Several of my colleagues have been blogging about coal ash -- waste from coal-fired power plants that is contaminated with toxic metals. More than two-thirds of this waste is dumped into landfills, storage ponds or old mines or otherwise stored somewhere. In Arkansas, some of this coal waste is dumped in pits used by the natural gas industry to store drilling waste, and buried. Some of these pits are on people's property, close to their homes, and the toxic ash blows in the air. Here are some photos of coal ash that settled on a plant and on a pool toy in people's yards.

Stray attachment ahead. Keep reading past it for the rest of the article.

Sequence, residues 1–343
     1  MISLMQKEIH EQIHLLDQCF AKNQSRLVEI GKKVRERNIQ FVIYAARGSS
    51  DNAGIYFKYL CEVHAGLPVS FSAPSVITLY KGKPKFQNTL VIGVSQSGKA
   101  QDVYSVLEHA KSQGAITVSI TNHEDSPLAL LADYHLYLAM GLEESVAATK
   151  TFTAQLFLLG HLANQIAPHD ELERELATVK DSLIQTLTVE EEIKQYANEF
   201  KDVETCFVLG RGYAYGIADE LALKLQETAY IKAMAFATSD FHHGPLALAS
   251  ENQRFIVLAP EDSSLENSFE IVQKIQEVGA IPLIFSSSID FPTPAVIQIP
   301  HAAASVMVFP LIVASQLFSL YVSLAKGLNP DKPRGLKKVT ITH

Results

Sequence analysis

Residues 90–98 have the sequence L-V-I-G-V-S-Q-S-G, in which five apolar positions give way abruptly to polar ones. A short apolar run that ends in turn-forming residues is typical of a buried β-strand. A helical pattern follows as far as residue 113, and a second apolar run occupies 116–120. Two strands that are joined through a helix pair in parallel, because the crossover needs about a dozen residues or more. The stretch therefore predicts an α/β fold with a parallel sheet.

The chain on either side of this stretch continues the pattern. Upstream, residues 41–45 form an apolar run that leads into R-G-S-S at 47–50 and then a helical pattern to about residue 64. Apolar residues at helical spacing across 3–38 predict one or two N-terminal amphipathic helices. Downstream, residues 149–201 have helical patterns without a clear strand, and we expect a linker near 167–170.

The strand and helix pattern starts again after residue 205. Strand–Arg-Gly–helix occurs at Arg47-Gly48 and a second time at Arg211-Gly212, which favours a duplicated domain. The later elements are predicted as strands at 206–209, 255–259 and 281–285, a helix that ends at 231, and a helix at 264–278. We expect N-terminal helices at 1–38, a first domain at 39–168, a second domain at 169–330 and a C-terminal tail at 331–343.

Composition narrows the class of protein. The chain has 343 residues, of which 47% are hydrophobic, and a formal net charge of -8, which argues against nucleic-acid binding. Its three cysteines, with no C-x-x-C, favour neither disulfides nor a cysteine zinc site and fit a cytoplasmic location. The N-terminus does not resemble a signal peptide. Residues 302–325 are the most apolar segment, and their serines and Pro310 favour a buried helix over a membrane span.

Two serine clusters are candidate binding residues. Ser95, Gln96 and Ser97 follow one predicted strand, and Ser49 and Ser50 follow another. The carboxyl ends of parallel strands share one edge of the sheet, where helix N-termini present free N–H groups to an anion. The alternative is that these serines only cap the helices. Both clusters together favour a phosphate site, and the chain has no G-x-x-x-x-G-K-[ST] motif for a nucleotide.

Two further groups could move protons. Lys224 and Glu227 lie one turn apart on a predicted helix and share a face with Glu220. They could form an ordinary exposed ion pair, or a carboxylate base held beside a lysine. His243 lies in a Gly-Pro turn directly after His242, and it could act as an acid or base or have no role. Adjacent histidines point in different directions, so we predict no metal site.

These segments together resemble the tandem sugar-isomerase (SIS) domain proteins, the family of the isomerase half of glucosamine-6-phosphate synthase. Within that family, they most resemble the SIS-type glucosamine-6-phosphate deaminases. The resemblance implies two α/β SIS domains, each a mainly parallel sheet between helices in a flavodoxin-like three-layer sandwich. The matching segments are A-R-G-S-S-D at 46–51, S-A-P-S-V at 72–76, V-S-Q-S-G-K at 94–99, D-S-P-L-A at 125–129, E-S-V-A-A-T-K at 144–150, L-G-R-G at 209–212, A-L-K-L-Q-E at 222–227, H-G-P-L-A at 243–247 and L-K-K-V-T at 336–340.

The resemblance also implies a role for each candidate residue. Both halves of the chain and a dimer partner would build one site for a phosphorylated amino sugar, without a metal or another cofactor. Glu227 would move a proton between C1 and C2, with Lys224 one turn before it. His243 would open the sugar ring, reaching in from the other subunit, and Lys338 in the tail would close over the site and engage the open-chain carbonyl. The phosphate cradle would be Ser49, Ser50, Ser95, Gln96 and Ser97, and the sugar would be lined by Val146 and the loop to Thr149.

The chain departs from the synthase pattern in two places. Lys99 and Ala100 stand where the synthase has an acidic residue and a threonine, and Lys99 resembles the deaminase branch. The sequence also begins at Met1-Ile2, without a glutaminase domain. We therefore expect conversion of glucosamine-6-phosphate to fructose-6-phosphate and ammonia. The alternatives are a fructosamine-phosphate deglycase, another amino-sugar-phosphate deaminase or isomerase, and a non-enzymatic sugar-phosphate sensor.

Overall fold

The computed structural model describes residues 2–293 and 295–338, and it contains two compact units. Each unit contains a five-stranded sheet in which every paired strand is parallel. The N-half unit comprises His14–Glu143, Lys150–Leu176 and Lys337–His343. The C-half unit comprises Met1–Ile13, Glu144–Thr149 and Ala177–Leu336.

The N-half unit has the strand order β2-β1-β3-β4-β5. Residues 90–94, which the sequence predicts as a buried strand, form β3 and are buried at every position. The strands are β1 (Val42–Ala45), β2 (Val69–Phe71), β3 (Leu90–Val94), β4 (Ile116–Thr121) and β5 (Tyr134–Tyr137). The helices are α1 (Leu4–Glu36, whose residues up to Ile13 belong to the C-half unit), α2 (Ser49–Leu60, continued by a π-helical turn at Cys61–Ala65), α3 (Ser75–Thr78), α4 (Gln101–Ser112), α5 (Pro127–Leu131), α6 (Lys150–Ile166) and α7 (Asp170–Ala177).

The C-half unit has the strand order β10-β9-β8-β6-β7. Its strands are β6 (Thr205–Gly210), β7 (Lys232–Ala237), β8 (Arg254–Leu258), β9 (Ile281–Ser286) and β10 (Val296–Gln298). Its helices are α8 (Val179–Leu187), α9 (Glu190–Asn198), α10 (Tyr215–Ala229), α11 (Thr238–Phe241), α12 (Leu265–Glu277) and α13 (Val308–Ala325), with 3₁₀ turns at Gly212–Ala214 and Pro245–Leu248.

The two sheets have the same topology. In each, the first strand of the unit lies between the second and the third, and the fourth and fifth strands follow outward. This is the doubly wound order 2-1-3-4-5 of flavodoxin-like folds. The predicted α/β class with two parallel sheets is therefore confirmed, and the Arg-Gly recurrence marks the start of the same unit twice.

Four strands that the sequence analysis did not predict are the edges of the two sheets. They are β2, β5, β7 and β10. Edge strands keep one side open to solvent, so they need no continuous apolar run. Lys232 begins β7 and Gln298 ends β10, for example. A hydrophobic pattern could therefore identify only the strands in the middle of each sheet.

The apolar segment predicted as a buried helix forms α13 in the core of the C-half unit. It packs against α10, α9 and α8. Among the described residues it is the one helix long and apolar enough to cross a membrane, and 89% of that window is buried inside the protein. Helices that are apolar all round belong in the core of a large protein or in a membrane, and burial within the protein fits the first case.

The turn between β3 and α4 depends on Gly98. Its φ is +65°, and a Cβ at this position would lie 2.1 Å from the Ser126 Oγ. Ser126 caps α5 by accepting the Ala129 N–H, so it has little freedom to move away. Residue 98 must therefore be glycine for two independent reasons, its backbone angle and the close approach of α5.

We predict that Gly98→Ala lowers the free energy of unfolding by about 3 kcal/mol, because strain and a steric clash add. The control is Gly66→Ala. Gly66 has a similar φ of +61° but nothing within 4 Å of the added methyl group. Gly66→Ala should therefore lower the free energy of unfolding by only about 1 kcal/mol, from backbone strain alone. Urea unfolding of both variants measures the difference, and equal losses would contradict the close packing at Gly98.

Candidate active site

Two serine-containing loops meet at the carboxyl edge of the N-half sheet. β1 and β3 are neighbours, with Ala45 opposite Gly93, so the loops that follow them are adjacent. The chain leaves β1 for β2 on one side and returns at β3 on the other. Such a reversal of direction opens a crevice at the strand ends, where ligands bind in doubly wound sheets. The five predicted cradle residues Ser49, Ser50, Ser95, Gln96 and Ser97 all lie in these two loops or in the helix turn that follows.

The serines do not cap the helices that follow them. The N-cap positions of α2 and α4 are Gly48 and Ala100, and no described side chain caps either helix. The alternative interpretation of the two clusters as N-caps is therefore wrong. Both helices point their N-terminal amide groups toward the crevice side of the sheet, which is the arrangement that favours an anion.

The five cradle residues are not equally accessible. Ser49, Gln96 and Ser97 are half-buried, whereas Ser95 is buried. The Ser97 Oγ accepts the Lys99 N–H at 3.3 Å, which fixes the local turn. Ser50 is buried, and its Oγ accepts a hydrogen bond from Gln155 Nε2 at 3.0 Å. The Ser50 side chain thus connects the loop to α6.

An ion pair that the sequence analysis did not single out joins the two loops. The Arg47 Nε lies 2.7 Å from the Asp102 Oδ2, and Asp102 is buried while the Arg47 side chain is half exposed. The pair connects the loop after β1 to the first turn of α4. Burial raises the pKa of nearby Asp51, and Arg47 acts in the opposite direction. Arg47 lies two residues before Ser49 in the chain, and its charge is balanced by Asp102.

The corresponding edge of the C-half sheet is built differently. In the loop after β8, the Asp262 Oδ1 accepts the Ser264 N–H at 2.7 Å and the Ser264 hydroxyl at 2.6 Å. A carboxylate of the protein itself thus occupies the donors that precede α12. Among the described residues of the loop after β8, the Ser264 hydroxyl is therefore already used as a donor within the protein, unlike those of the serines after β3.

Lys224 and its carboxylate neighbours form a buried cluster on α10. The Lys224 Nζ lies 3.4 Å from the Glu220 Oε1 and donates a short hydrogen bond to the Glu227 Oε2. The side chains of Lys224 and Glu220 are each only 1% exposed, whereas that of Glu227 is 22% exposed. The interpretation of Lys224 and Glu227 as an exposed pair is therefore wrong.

Currently, this coal ash waste is exempt from regulation as a hazardous waste under the Resource Conservation and Recovery Act (RCRA).
RCRA is the principal federal law designed to ensure safe management of hazardous waste and prevent new toxic waste sites. It sets standards for waste management in order to prevent harm to human health and the environment, and provides a powerful incentive for a company to minimize waste and pollution.
Most oil and gas waste is also exempt from the hazardous waste provisions of RCRA, due to a 1988 EPA decision. At the time, an EPA official was quoted in the press as attributing this decision to "....solely political reasons, despite a scientific determination of the hazardousness of the waste." With cleaner, affordable alternatives available to industry, it's time to close this loophole.